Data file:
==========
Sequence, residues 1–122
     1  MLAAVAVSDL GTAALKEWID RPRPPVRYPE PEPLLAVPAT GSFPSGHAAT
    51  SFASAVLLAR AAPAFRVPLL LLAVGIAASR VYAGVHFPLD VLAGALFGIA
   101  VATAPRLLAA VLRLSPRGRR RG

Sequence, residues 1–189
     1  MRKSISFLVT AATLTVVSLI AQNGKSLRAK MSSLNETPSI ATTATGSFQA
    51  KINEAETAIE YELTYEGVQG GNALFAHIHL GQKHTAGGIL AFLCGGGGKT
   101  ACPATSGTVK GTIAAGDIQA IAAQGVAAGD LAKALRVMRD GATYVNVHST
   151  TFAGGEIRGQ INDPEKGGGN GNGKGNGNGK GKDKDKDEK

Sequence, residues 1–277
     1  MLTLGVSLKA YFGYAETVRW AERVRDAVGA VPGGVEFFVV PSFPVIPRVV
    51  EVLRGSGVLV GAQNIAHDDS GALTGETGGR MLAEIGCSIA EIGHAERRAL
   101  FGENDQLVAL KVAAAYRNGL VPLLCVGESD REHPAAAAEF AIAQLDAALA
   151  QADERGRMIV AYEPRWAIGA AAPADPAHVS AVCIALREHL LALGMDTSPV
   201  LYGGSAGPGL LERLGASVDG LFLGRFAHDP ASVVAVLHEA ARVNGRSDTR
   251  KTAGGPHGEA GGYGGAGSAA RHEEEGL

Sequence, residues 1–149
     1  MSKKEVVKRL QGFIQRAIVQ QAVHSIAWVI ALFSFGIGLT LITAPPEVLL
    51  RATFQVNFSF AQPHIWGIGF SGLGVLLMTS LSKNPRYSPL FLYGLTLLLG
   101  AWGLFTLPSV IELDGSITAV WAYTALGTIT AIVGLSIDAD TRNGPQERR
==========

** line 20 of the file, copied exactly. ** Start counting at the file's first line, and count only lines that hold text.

   101  AWGLFTLPSV IELDGSITAV WAYTALGTIT AIVGLSIDAD TRNGPQERR